Thursday, February 15, 2018

Correcting UPROXX article “A Decoder Guide To Scoring The Best Prices At Costco”

This UPROXX article popped up in my Twitter feed and I felt compelled to rectify, well everything.

“Prices that end in $.98 or $.99 mean Costco didn’t get a special deal from the supplier”
Costco does not deal with suppliers - they deal directly with vendors - thus cutting out the middlemen (i.e. suppliers and distributors) - hence the name Costco Wholesale!

“It also means that the product is probably the same price as any other store”
This is absurd. Costco executives have been very open that Costco will not mark up items over 14%, while the vast majority of other retailers markup their items anywhere from 30-80%  and sometimes even more! When you shop at Costco its practically a guarantee that you will save money compared to “any other store.” Countless price comparisons have proven this for decades.

“Prices that end in any iteration of $0.X9 (except $.99) are manufacturer deals. This means Costco got a special deal from the distributor on those items...”
Again, Costco does not mark up more than 14% and it is because of their razor thin margins that you often see prices that end in $.59, $.69, $.79 etc. The last two digits in the price have NO indication of any ‘deal.’ The last two digits of Costco’s prices are merely the result of math and competitive pricing.

“Prices that end in $.97 are manager specific discounts”
The BUYERS set the price of items, not warehouse managers. Also, Costco does not have ‘sales.’ Items ending in $.97 are called markdowns and the warehouse managers have nothing to do with setting markdowns - markdowns, like prices, are set by the buyers.

“Prices that end in $.88 or $.00... are an inventory dump set by the store’s manager. These items are generally returned or damaged merch.”
Costco DOES NOT sell damaged merchandise. Period. Costco can resell returned merchandise if a returned item meets sellable standards (i.e. not damaged), but again managers do not set prices, buyers do. Prices that end in $.88 or $.00 are not indications as to whether or not an item is “probably never coming back.”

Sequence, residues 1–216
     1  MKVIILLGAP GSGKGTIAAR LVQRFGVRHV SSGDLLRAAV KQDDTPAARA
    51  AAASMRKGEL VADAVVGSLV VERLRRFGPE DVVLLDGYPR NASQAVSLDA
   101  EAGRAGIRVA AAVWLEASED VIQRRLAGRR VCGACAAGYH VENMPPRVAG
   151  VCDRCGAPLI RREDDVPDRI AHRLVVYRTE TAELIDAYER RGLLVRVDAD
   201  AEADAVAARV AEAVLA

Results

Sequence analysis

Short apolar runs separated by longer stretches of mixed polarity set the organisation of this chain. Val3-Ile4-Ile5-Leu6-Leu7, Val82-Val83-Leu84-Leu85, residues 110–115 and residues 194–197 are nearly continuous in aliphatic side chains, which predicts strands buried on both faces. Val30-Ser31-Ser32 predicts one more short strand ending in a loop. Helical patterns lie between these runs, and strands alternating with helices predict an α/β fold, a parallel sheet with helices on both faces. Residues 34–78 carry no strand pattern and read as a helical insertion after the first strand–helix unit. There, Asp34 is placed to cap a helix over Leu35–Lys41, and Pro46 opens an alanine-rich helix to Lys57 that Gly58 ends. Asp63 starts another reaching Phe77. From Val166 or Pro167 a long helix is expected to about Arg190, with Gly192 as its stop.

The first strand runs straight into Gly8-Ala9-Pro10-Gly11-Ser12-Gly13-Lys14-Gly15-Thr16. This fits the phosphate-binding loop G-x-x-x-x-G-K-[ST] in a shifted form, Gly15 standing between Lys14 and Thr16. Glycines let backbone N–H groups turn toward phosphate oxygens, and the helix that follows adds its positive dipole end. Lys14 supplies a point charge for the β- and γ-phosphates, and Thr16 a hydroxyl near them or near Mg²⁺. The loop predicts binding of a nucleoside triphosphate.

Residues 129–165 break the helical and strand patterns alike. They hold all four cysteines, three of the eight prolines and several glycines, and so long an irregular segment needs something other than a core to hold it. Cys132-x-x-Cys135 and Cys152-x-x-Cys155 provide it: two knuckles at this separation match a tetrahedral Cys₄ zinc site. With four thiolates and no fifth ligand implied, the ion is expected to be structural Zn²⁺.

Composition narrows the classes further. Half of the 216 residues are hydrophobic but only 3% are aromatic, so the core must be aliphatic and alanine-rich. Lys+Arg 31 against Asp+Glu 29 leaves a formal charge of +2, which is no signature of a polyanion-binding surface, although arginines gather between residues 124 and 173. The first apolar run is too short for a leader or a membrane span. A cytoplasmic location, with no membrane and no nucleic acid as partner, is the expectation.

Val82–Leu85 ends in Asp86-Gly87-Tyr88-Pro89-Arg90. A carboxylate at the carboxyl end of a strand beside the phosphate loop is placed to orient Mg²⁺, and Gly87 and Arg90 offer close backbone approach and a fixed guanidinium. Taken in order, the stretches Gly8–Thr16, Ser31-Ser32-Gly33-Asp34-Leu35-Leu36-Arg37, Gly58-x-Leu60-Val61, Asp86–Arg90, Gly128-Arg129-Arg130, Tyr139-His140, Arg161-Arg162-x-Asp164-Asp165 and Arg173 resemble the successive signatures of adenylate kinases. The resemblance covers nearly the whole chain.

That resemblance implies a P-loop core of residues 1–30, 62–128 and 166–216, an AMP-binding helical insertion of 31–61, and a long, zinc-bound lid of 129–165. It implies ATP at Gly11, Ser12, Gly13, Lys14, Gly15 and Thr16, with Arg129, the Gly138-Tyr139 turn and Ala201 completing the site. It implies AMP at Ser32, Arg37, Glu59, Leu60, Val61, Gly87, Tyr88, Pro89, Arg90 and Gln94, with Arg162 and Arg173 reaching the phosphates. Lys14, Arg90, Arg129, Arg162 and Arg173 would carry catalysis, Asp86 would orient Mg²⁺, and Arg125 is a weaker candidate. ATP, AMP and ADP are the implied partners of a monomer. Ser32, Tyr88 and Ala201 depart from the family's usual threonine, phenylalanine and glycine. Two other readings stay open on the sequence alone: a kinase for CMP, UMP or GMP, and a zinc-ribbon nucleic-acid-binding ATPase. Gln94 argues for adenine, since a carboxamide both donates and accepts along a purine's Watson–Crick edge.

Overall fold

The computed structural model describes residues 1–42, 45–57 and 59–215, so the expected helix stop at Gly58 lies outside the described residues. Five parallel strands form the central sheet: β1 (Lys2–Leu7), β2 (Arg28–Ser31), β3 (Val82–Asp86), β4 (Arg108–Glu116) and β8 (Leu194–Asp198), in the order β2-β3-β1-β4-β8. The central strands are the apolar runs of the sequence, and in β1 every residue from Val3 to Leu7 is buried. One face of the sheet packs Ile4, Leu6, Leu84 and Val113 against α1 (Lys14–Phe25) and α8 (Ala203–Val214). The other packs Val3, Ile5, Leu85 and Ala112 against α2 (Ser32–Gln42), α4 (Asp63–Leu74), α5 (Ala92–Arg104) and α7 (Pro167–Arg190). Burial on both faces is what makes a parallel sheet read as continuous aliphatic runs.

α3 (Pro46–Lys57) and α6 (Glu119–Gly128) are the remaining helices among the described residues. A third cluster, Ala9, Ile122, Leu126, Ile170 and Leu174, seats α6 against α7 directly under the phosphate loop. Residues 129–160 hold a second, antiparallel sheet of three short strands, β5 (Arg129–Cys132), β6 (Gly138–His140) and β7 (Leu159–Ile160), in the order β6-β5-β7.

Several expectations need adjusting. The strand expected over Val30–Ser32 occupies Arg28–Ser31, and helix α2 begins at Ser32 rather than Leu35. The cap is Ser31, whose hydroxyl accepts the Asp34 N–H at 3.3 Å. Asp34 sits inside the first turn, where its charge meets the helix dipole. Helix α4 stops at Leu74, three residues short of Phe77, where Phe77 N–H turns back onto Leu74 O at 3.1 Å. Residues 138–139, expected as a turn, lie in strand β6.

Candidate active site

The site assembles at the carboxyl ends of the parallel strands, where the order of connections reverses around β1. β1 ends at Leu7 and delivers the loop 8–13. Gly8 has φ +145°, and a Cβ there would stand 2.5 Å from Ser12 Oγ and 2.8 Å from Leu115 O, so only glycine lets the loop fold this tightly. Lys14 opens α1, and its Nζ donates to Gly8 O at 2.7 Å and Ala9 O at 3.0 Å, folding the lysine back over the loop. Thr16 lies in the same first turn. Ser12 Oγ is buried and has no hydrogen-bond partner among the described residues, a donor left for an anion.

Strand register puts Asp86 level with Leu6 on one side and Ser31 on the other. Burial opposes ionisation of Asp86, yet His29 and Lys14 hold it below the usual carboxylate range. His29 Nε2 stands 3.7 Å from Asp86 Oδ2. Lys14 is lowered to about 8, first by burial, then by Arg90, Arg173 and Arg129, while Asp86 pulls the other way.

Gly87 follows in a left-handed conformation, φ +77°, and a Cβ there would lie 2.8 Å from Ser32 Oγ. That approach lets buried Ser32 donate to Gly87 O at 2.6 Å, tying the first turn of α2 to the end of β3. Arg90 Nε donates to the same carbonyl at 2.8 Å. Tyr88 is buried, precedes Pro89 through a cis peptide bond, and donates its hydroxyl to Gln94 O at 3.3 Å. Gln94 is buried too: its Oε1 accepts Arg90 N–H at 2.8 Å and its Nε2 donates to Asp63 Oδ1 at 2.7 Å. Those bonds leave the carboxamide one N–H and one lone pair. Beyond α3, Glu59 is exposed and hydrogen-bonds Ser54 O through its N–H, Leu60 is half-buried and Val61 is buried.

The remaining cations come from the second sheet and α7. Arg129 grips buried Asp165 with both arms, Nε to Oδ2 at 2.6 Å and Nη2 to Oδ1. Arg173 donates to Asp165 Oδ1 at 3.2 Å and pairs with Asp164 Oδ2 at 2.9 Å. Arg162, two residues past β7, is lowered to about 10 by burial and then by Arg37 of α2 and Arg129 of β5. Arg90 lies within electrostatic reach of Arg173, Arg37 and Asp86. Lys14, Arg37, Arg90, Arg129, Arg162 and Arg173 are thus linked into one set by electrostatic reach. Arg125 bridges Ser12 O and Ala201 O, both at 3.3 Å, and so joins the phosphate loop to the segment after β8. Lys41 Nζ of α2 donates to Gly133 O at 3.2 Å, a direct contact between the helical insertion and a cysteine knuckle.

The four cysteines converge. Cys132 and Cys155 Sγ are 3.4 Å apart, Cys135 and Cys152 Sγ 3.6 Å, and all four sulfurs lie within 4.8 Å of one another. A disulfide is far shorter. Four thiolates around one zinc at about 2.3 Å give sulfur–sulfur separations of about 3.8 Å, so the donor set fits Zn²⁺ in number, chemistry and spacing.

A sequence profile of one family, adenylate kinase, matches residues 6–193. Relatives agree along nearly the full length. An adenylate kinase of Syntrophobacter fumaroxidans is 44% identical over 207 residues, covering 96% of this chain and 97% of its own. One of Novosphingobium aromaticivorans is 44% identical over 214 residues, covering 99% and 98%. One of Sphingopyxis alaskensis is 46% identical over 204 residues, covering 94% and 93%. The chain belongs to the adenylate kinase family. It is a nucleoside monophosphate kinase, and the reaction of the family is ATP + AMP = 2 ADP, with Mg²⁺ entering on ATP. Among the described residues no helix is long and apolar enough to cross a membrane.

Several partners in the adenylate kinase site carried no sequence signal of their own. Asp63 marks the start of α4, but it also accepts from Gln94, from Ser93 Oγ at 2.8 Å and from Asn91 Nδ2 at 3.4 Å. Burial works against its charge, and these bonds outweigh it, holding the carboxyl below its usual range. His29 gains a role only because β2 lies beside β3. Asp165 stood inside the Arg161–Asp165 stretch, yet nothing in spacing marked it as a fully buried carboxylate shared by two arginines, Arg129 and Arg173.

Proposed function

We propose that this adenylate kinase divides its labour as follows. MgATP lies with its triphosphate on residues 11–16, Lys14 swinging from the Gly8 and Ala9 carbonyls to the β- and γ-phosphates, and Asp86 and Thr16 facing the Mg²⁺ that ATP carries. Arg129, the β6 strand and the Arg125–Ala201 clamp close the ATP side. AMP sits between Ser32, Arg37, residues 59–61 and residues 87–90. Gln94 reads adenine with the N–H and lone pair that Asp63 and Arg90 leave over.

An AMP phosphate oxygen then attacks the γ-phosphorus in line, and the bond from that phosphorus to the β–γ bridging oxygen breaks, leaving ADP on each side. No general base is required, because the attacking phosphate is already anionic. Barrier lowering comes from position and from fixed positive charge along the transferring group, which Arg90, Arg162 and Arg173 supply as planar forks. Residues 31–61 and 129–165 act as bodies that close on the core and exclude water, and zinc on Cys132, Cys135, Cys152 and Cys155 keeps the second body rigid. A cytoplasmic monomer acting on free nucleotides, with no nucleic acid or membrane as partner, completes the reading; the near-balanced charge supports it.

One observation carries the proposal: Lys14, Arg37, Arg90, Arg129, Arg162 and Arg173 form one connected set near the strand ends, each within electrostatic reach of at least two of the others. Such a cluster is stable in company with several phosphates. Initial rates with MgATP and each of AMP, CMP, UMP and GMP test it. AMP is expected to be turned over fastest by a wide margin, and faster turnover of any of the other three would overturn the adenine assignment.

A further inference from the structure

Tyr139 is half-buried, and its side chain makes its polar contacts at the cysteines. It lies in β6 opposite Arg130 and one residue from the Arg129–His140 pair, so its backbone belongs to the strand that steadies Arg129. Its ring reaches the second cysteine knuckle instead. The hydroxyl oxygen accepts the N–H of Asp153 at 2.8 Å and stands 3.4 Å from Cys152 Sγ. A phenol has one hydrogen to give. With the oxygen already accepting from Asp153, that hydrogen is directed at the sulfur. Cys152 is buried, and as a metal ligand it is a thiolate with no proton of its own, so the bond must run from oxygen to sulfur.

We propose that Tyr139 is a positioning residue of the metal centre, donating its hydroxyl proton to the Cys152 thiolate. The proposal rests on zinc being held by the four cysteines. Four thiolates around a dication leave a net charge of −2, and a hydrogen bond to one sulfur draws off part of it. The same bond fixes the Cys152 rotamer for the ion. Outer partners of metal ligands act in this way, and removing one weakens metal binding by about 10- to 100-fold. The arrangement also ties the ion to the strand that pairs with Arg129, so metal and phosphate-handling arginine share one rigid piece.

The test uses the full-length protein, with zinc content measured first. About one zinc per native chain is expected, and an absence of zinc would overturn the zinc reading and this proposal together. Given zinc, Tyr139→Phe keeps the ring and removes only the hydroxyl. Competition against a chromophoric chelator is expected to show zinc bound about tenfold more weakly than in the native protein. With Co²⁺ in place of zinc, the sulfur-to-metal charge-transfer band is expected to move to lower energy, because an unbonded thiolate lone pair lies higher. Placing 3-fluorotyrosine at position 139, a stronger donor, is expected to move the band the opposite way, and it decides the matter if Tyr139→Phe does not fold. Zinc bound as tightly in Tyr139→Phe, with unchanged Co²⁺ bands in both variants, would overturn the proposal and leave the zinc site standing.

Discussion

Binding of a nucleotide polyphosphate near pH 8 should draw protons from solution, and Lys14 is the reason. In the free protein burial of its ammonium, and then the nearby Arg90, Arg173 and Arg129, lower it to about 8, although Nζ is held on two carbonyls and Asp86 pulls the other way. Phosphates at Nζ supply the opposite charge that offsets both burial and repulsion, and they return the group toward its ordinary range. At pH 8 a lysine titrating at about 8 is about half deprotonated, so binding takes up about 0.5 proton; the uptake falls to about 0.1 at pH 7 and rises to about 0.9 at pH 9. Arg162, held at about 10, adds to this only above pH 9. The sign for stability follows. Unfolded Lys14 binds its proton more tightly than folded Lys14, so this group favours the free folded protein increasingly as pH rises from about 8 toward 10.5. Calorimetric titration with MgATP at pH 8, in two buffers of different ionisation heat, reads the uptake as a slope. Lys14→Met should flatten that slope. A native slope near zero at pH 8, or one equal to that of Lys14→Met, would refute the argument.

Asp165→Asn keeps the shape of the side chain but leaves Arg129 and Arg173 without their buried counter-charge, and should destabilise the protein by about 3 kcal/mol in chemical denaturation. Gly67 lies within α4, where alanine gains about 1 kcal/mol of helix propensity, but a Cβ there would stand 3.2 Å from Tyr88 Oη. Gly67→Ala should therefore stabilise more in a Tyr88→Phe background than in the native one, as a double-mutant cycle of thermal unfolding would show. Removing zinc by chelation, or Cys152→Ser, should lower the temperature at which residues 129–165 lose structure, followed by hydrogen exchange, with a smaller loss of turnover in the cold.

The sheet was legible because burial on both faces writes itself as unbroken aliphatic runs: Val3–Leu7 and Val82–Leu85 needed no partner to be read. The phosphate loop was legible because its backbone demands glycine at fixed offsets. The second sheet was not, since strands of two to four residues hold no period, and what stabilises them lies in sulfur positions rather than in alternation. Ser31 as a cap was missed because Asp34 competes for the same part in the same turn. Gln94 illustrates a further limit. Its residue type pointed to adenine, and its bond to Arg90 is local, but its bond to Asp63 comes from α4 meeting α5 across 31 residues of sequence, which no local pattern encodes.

“An asterisk in the top right corner means the item has been heavily discounted because it was being discontinued. So this is management again trying to move product out of the store as quickly as possible.”
Asterisks at the top of price signs at Costco indicate that items are not on reorder. This could be because the item is seasonal and wont be back until next year, it could be an item that had poor sales and wont ever be back in stock at that particular warehouse, or there could be a supply issue and Costco is no longer able to obtain the item from the manufacturer. Either way - for the umpteenth time, warehouse managers have no say in which items don't get reordered - the buyers do. 

“They offer a 30-day price guarantee.”
Nope. Costco has no such policy. Costco can do price adjustments at the discretion of each warehouse, but there is no “30-day price guarantee.”

“This combined with Costco’s 90-day no questions asked return policy...”
Another Nope. No where does it say Costco has a “no questions asked” return policy. Costco actually doesn’t even have a formal return policy for the vast majority of their items. Electronics such as TVs, cameras, major appliances, computers, tablets, drones, and cell phones are restricted to a 90-day limit for returns. And the terms of that 90-day return limit are printed on your receipt anytime you purchase applicable electronic devices. Costcos full return policy can be read here.

“Costco takes a loss on certain items”
Another erroneous claim. Costco does not sell their food court hotdog combos, or their rotisserie chickens at a loss. Period. Also the food courts are not located in the back of warehouse, the chickens generally are, but only because that is where the deli is located.

Mic drop 😉

For anyone curious, here are some of the other sources I used to correct Uproxx's claims:

Until next time,
the Costco Connoisseur


Follow me on Twitter! @CostcoConoiseur
Follow me on Instagram! @theCostcoConnoisseur

1 comment:

  1. There are times when a warehouse GM or AGM will do a markdown, usually only on a perishable item. For example, if there are lots of bananas that are nearly overripe, the GM might mark them down to $.97 just to blow them out. Better than tossing them the next day. But anything more involved than something like this, and the GM will most likely work with the buyer before making a change. These are called EPCs: Emergency Price Changes, and they only last until the end of the day (but of course could be done again the next day if need be).

    You might also see an individual item marked down because it is the display. Open-box returns can also be marked down occasionally. It used to be these would always be even dollar amounts: for example, a TV returned because it was too big might be marked down to $900. The idea is that the even amount indicates it is a one-off -- that is, it is that one individual example that is marked down, not all of them. However, it seems like this convention has fallen from favor, and even markdowns for display items and the like end up with a .97.

    Finally, while it is true that buyers set pricing, the warehouse GM does have some influence -- a GM can and will contact the buyer if they buyer is way off somehow. Usually this is more about quantities ("hey we need more widgets") but if a local warehouse has a Sam's Club close by, warehouse management will talk to buyers to make sure pricing is competitive.

    Fun fact: if a buyer wants to do more than a 15% markup, he or she has to get permission from the CEO. Jim straight up said don't bother asking. Rumor has it that any buyer that did bother asking, never made that mistake again. :-) I'm sure Craig has the same attitude.